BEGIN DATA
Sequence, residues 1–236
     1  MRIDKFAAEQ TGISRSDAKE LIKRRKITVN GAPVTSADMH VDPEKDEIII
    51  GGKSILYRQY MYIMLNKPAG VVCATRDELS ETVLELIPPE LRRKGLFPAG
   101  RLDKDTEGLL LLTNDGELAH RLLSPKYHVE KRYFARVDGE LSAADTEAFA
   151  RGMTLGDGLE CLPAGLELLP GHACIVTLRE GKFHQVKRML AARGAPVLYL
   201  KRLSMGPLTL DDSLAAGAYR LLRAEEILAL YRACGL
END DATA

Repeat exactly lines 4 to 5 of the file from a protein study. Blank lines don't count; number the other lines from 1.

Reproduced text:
   101  RLDKDTEGLL LLTNDGELAH RLLSPKYHVE KRYFARVDGE LSAADTEAFA
   151  RGMTLGDGLE CLPAGLELLP GHACIVTLRE GKFHQVKRML AARGAPVLYL